Assembly Speaker Sheldon Silver, bill sponsor Assemblyman Richard Gottfried, Governmental Operations Committee Chair Steve Englebright, and Codes Committee Chair Joseph Lentol today announced the passage of the Gender Expression Non-Discrimination Act (GENDA), a measure aimed at ensuring transgender New Yorkers are protected from discrimination in areas of everyday life.
"All New Yorkers, including those who identify as transgender, should be able to live openly and without fear of discrimination in their attempts to get and keep a job, rent an apartment, or generally go about the business of living their lives," said Silver. "The Sexual Orientation Non-Discrimination Act of 2003 did not expressly include these protections for transgender New Yorkers. By approving this measure we can make certain every New Yorker has equal protection under the state’s Human Rights Law regardless of gender identity."
"It is unconscionable that transgender individuals still do not have protection from discrimination," said Gottfried. "The discrimination that transgender people face is unique and should be specifically identified and unambiguously rejected in our state’s civil rights laws, just like discrimination based on age, sex, sexual orientation, religion, race, disability, or ethnicity."
"Legal protections based upon gender identity and expression are a basic civil right," said Englebright. "By eliminating the fear of losing their jobs or homes, and ensuring fair treatment in other areas of everyday life, this bill will enable transgender New Yorkers to openly and actively participate in their communities."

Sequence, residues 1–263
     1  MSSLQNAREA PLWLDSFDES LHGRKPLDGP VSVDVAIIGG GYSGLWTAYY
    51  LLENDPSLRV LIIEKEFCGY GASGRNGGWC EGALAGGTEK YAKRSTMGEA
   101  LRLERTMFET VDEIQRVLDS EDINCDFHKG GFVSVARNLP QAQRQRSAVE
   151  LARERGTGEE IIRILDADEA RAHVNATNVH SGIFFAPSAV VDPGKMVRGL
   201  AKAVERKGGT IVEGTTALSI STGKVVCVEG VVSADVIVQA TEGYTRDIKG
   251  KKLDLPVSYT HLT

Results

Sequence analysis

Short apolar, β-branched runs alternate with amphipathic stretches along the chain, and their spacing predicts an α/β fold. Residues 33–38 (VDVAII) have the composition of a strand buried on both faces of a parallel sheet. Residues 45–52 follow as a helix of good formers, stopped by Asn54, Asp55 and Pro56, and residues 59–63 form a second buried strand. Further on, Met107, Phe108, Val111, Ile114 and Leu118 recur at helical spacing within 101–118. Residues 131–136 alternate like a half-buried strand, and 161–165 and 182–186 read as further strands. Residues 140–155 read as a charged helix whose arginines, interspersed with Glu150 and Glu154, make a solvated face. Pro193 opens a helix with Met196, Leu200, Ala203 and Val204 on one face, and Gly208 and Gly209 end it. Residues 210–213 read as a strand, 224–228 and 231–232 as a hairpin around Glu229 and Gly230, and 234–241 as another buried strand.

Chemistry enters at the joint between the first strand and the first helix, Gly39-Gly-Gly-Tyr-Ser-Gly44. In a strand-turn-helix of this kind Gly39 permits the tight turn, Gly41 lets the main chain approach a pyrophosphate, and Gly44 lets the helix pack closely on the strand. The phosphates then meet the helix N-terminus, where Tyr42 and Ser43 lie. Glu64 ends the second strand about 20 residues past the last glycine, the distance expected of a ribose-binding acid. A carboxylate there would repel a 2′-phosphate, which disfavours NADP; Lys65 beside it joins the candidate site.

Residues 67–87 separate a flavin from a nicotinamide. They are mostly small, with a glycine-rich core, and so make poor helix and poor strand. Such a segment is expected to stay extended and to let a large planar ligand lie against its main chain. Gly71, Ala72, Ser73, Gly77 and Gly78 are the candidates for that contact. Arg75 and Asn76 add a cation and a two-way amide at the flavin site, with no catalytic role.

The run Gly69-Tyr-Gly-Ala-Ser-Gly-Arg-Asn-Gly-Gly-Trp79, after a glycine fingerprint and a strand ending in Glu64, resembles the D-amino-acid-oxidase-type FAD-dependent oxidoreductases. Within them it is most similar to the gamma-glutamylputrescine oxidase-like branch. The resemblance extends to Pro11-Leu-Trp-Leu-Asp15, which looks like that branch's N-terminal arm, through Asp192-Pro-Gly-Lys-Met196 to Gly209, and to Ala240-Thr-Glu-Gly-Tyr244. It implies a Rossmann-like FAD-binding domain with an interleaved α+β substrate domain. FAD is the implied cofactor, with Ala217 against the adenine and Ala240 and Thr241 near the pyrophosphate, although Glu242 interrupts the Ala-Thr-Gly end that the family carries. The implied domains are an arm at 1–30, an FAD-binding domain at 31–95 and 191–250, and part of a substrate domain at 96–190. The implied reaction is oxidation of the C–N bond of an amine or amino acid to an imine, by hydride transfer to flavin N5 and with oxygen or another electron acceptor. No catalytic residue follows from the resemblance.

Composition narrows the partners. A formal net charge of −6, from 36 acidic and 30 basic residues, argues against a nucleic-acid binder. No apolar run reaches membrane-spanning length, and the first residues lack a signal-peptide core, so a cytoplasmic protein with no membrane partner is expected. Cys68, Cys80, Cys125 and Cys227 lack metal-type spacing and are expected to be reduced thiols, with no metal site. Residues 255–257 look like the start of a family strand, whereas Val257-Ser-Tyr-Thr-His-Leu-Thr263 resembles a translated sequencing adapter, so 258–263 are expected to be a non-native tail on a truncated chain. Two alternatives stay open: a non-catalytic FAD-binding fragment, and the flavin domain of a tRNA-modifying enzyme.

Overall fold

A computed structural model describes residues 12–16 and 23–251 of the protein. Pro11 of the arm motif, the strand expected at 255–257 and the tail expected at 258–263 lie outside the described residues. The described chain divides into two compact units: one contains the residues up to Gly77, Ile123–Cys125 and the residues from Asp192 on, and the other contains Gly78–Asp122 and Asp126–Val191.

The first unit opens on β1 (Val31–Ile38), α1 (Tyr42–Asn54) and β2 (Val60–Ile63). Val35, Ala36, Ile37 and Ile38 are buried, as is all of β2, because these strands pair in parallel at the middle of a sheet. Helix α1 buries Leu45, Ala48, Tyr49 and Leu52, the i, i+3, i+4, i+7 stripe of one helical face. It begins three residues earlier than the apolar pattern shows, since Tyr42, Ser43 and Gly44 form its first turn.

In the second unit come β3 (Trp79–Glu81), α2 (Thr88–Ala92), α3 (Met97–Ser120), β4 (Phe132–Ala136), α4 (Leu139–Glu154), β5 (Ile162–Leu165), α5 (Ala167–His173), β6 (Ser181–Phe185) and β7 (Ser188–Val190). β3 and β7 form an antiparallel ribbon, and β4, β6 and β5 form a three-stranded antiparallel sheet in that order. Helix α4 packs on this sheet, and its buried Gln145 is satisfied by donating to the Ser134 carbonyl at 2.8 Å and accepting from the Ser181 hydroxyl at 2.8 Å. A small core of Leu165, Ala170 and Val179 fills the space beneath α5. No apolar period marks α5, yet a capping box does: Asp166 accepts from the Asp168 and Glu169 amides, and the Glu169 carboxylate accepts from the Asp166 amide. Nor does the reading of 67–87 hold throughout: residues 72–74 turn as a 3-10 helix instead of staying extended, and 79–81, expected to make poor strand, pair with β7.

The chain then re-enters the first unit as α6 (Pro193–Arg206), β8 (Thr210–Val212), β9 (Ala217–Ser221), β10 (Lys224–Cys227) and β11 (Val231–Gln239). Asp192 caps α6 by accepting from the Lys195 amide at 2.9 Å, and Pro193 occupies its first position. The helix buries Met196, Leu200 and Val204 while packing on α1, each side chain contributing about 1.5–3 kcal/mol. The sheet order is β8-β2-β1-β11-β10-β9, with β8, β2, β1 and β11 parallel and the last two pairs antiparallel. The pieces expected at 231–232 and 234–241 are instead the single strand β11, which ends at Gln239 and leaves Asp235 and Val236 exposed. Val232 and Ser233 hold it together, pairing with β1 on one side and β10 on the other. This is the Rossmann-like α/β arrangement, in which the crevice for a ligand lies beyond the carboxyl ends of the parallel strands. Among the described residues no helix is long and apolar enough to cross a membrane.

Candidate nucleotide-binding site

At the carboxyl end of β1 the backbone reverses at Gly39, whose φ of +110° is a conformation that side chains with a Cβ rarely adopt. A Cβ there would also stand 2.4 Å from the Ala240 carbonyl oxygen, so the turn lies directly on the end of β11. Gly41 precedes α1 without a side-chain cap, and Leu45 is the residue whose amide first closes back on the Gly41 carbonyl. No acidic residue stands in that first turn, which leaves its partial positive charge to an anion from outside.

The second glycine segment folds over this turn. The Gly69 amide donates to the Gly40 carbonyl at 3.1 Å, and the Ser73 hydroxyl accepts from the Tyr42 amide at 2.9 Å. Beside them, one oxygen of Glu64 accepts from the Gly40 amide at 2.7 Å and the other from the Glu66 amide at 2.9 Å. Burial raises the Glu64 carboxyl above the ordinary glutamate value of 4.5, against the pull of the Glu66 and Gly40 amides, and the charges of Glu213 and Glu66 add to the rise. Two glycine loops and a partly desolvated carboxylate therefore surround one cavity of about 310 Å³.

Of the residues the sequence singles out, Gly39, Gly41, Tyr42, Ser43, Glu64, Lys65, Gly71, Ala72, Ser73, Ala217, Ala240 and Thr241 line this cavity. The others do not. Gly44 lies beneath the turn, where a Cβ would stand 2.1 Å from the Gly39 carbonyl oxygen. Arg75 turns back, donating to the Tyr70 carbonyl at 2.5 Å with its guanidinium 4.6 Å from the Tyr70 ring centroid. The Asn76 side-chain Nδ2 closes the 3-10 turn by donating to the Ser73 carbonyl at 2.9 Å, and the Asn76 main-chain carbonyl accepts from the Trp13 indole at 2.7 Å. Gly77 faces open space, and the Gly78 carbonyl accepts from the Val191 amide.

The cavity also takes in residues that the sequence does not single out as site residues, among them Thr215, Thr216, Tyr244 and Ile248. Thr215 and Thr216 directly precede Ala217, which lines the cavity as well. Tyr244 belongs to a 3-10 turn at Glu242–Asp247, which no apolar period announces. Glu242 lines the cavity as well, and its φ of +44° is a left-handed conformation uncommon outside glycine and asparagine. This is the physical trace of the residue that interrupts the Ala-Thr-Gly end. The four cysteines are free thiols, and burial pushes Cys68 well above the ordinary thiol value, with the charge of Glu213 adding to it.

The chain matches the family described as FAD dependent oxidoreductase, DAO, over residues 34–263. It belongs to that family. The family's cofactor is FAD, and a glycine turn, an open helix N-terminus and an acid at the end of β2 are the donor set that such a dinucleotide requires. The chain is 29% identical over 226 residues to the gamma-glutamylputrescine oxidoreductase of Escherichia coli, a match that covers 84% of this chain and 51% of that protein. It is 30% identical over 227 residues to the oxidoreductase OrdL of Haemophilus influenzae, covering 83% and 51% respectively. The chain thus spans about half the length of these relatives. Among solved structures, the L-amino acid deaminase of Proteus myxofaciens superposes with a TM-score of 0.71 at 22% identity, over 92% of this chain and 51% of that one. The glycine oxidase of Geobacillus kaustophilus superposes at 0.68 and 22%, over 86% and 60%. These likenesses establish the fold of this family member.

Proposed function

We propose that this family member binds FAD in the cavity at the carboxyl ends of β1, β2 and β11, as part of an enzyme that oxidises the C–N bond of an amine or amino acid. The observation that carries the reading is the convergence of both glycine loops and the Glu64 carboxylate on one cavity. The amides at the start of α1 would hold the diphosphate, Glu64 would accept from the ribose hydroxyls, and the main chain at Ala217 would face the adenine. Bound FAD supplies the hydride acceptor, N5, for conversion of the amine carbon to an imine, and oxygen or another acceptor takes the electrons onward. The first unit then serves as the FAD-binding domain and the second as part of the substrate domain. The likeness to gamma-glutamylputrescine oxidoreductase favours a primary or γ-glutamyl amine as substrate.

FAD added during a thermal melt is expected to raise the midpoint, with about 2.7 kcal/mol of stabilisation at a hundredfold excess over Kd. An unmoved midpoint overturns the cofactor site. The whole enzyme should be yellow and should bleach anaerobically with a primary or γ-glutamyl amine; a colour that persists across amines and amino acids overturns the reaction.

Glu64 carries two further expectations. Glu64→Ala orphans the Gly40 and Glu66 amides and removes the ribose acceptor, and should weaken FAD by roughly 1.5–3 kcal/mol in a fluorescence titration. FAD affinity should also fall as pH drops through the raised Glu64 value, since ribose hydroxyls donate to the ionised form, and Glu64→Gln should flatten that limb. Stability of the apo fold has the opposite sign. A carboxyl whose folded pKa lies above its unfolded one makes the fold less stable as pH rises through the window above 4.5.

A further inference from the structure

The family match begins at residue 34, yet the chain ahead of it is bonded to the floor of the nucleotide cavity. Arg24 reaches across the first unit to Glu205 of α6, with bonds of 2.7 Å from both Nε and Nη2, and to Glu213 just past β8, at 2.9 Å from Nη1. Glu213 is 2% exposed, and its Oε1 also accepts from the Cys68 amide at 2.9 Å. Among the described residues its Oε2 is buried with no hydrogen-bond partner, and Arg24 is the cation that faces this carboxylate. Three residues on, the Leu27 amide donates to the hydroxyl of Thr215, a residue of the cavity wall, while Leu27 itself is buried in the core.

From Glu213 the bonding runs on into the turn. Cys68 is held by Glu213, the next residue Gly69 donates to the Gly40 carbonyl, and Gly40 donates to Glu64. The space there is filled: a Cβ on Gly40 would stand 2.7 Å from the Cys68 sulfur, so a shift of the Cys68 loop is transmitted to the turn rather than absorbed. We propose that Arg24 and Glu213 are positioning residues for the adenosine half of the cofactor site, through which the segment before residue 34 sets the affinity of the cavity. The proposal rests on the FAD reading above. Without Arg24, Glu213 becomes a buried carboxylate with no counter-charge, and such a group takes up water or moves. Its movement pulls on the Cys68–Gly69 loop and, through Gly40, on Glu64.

"The approval of this measure is a crucial step in supporting the civil rights of the transgender community," said Lentol. "The Assembly Majority has historically supported protections for all groups of people, this landmark bill is another indication of that commitment."
GENDA (A.5039) ensures that all New Yorkers, including those who identify as transgender or present their gender in a way that differs from what is traditionally associated with their birth sex, are protected from discrimination in housing, employment, credit, public accommodations, and other areas of everyday life under the Human Rights Law. The measure also expands the state’s hate crime protections to explicitly include crimes against transgender people.
"With the passage of GENDA, the Assembly once again takes the lead in protecting all New Yorkers from discrimination. This long-overdue legislation is desperately needed; I thank Speaker Silver for once again moving our great state forward in the pursuit of justice for all our citizens," said Assemblyman Daniel O’Donnell.
"The approval of GENDA is an important and overdue protection of human rights," said Assemblymember Deborah J. Glick. "For transgender New Yorkers, GENDA will provide equal protection under the Human Rights Law to ensure they are not discriminated against as a result of their gender identity or expression."
"Today marks the fifth consecutive year the Assembly has approved GENDA to end discrimination for all transgender New Yorkers," said Assemblyman Matthew Titone. "Cities across New York State including Albany, Binghamton, Buffalo, Ithaca, New York City and Rochester have passed transgender inclusive non-discrimination laws. This bill ensures that all New Yorkers regardless of their gender identity are protected from discrimination."
"For the fifth time in as many years, I applaud the Speaker and Assemblyman Gottfried on the passage of GENDA, the Gender Expression Non-Discrimination Act. This legislation fills an important gap in New York State’s non-discrimination laws. I hope that our friends in the Senate pass this legislation and afford all of our fellow citizens the same rights and privileges as everyone else," said Assemblyman Micah Kellner.
"All New Yorkers should be treated fairly and equally by the laws of our state," said Assemblyman Harry Bronson. "The approval of GENDA today will ensure all New Yorkers regardless of gender identity are protected from discrimination in housing, employment, credit, public accommodation, and other areas of everyday life under the Human Rights Law."